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Sea-At-School Program Offers Students Lessons in Sailing, Life

Feb. 24, 2008 — A seagoing school program has drawn praise from Gov. John deJongh Jr., who spoke recently at a ceremony marking a partnership between the V.I. Department of Education and the schooner Roseway, operated by the World Ocean School.
"In speaking with students aboard Roseway recently, I was encouraged by the excitement and passion they share in learning about navigation and sailing systems, as well as other core subjects taught while at sea," deJongh said, according to a Government House news release. "Working in cooperation with the V.I. Department of Education, we are proud to support this creative learning opportunity that provides students with a view of alternate career paths available to young people in the territory, while also providing solid course instruction in an open classroom setting."
Joining the governor at the ceremony were Abby Kidder of the World Ocean School; Deputy Superintendent Maria A. Encarnacion, who represented Superintendent Gary Molloy; and designated Commissioner LaVerne Terry from Education. A few students from Arthur A. Richards Junior High School who have participated in the school-at-sea program also attended.
The Roseway effectively operates as a school at sea, holding lessons and providing course instruction for seventh grade students from middle schools throughout St. Croix. School aboard the Roseway began Feb. 7 and will conclude May 9. Class "sessions at sea" run twice a day, and students are grouped into sets of 25 for the morning and afternoon sails, Monday-Friday from 8:30 a.m. to11:30 a.m. and from 12:30 p.m. to 3:30 p.m. The program runs for one week per student. Participating this semester are seventh grade students from Arthur A. Richards Junior High, Elena Christian Junior High and John H. Woodson Junior High schools.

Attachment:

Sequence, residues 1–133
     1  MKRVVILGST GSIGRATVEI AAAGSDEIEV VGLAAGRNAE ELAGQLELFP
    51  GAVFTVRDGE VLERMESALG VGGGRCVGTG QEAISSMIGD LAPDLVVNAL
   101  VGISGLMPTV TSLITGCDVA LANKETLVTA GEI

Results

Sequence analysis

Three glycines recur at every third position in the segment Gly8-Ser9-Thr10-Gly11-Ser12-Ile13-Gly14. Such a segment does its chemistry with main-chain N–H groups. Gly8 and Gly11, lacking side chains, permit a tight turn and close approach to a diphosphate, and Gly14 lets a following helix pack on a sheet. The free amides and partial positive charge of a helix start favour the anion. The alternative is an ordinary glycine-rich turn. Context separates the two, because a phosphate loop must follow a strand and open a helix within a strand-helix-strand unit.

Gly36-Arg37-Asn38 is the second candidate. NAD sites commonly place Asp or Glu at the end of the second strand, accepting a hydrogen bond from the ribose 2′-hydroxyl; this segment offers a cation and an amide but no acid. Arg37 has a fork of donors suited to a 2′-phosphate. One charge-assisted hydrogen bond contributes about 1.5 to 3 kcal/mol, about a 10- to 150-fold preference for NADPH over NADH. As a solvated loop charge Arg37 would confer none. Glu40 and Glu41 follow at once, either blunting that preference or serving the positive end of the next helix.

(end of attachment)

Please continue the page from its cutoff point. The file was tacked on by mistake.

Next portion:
Students aboard Roseway learn team-building skills throughout the week and are taught lessons in science, environmental and climate change, math, history, English, arts leadership and communications. Lesson plans also include coursework in navigation; message coding and decoding; sea chart, compass, and map reading; history of pirates, the Caribbean, and Roseway-era boats; journaling; and hands-on sailing lessons. Many students have already expressed a desire to continue to learn more about oceangoing vessels similar to Roseway, as well as potentially pursuing a career in sailing.
"This partnership agreement allows St. Croix students to participate in a unique opportunity that allows for hands-on, real-world experience that they can use as a foundation for future learning and other life opportunities," deJongh said. "I am also pleased to acknowledge the Roseway's home-porting status on St. Croix. It is truly an honor to celebrate with them today."
The World Ocean School is a non-profit organization whose mission is to provide educational programs focused on community building for young people aboard Roseway. The program provides junior high school instruction to local youth on St. Croix in the winter and spring, and operates sessions along the Northern Atlantic for high school students in the summer.
Built in 1925 in Essex, Mass., Roseway has had an adventurous 82 years as a fishing vessel in the Grand Banks, a pilot boat in Boston harbor, a Coast Guard reserve vessel during World War II, and as a windjammer along the coast of Maine. To add to her career, she is now part of the World Ocean School.
Information about the World Ocean School can be found at worldoceanschool.org.
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